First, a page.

4. Enjoying flexibility and business efficiency. The hybrid training model works great for coaches who want to spend less time working while still earning good money. Fewer in-person sessions mean the time commitment isn’t as significant, giving professionals more time for leisure, side projects, and marketing to grow their fitness business.

Getting Started with Hybrid Personal Training

Here are a few simple tips to help you get started with hybrid training:

  • Prepare yourself. Get familiar with fitness apps and coaching platforms you can use to train clients and keep track of them. For instance, Hevy Coach allows you to write programs for clients and track their progress. Clients use the simple and intuitive Hevy app to log their workouts in seconds.
  • Define your model. Think about details like how often you’d like to meet clients in person, how you will track their progress, and how you will communicate when. Create rules your clients must follow to work with you (communication, check-ins, etc.).
  • Set the right expectations. Create a landing page where you clearly and specifically outline the parameters of your service and communicate that with any potential client. Proper communication is vital for setting the right expectations and avoiding conflict.
  • Price your service. This is perhaps one of the more challenging parts of the process, but there’s no way around it. Since the goal is to offer online and in-person coaching, it might be best to price them separately.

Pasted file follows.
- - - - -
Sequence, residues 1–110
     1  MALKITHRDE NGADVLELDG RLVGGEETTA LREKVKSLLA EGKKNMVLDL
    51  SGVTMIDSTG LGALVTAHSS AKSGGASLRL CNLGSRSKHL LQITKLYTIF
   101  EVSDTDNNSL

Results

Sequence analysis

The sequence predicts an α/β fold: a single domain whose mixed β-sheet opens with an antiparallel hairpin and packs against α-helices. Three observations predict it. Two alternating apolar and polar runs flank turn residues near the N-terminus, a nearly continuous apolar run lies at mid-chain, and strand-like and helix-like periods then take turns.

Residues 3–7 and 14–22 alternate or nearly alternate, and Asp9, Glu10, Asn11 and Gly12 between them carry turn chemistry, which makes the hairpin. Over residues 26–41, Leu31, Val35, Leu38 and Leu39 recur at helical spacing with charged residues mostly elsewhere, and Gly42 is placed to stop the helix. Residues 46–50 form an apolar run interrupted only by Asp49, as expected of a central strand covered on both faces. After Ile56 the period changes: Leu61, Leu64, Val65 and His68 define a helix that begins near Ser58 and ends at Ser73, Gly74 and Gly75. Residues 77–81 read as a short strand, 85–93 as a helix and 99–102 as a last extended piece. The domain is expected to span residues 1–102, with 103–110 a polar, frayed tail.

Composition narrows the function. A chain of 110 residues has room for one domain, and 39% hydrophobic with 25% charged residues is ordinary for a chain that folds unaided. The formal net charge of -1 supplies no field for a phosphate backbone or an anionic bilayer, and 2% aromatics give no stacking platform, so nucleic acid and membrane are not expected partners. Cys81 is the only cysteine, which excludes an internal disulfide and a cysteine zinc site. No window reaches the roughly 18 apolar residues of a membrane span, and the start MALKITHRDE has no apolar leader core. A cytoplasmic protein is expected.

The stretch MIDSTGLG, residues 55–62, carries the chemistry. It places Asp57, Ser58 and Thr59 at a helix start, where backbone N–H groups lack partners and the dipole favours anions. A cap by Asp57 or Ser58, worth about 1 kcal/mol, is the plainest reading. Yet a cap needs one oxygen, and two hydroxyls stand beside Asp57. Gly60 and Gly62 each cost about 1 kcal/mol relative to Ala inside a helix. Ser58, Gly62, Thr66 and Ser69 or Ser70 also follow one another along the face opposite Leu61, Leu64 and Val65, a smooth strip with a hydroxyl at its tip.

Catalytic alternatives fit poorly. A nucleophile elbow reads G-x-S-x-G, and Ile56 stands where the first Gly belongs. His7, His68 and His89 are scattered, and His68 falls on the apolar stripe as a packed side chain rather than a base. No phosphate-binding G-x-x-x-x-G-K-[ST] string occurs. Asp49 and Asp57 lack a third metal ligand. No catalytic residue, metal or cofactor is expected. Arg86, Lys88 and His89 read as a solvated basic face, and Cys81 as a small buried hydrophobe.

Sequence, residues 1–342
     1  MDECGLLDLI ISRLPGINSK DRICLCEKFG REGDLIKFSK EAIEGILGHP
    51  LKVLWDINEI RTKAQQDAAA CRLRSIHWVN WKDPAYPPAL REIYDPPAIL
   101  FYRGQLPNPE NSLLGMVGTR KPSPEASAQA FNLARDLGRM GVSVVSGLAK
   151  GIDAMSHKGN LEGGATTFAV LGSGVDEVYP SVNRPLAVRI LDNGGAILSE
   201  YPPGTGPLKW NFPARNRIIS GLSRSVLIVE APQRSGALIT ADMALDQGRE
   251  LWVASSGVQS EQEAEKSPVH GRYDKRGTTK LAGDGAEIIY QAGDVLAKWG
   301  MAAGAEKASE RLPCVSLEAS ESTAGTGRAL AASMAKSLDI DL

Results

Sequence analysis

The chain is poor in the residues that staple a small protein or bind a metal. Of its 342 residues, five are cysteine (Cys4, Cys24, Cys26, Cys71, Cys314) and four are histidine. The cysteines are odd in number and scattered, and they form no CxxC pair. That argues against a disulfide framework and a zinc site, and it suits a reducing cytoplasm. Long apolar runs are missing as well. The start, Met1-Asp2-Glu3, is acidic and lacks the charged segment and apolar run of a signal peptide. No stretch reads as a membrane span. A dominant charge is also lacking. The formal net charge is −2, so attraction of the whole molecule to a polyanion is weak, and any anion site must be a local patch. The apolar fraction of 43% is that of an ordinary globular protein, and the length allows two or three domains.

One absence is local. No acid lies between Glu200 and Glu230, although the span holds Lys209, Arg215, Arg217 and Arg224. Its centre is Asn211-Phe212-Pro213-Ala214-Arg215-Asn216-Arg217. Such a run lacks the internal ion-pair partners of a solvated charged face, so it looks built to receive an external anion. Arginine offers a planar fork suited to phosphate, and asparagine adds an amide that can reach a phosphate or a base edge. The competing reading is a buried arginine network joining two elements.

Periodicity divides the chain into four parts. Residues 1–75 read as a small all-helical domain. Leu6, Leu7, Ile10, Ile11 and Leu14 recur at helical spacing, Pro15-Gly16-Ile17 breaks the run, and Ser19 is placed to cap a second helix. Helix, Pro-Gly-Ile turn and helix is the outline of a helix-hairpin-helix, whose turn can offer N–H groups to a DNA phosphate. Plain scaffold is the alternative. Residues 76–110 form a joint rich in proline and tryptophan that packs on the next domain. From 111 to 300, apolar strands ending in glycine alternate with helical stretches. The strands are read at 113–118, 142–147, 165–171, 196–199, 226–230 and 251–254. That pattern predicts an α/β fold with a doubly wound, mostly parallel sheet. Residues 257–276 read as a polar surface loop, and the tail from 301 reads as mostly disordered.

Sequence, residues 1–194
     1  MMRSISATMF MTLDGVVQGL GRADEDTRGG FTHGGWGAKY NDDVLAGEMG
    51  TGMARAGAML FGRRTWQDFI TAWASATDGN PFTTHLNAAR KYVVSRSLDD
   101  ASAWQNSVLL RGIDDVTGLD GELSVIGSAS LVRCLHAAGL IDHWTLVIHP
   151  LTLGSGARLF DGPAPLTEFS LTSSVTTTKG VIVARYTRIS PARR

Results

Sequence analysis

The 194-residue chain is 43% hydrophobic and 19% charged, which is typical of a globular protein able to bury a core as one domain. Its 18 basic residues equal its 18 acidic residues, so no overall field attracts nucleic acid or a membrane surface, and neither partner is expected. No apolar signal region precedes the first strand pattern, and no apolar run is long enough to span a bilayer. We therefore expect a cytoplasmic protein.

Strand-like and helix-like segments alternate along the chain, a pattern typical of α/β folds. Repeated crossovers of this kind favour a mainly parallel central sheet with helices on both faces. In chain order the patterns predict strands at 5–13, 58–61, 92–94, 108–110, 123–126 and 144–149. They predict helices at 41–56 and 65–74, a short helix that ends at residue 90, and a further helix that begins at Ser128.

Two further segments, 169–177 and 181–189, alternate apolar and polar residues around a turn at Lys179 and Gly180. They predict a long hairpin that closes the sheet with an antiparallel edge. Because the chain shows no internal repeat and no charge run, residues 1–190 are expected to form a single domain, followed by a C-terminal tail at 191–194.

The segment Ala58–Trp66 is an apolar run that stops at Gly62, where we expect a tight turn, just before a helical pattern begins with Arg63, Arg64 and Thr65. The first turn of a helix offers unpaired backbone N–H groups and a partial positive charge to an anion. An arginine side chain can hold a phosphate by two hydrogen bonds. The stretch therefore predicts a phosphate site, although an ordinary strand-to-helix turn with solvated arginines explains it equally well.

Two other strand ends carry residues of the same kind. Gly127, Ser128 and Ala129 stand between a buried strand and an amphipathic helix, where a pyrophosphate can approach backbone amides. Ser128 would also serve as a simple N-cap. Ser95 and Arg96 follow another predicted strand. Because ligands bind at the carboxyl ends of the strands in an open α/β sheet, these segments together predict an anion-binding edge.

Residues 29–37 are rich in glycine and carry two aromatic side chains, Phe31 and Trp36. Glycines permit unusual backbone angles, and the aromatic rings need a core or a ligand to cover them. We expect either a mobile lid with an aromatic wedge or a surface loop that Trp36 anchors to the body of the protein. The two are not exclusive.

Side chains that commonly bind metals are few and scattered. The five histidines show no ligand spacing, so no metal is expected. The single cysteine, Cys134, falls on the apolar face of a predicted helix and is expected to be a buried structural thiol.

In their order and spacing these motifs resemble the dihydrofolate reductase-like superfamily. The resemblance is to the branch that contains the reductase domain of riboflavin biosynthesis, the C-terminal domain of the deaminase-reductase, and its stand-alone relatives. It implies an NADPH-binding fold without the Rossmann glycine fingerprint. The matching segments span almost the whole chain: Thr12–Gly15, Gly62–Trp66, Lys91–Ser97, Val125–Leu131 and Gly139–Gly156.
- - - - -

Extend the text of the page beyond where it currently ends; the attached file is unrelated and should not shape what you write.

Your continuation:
For example, clients could pay a monthly fee for online coaching and pay for each in-person session. Alternatively, coaches and clients can agree on the frequency of in-person sessions and come up with package prices.

    We’ve put together resources on pricing personal training services, workout plans, and online packages.
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Conclusion

Hybrid personal training is relatively new, but it’s already making waves in the industry and will likely be a big part of fitness coaching.

Certain technological advancements, such as virtual reality, artificial intelligence, machine learning, and the development of fitness wearables, are also likely to impact personal training significantly, paving the way for the hybrid model.

However, despite the tremendous upside, it’s best to judge the validity of hybrid personal training based on your client’s unique needs and preferences. Trainers interested in the model could perhaps implement it with a portion of their clients to see how well it works and if it leads to a more engaging coaching experience.

Check out Hevy Coach before you go. Whether you want to transition to hybrid training or stick with the proven models, this all-in-one platform is here to help. It allows you to create programs in minutes, make adjustments on the fly, and keep track of all clients from a single dashboard.

FAQs

1. How is hybrid personal training different from traditional coaching?

Hybrid personal training blends in-person and online coaching to offer the best of both worlds. In contrast, traditional coaching generally focuses on one of the two.

2. Is a hybrid personal training model more affordable for clients?

Hybrid personal training is typically more affordable because clients don’t have to pay for as many in-person sessions and might opt for home training the rest of the time, offsetting other costs like commuting and paying for a gym membership.

3. What role does technology play in hybrid personal training?

Technology is integral for hybrid personal training, allowing easier communication, progress tracking, and workout adjustments. As tech develops, it will likely play an even more significant role.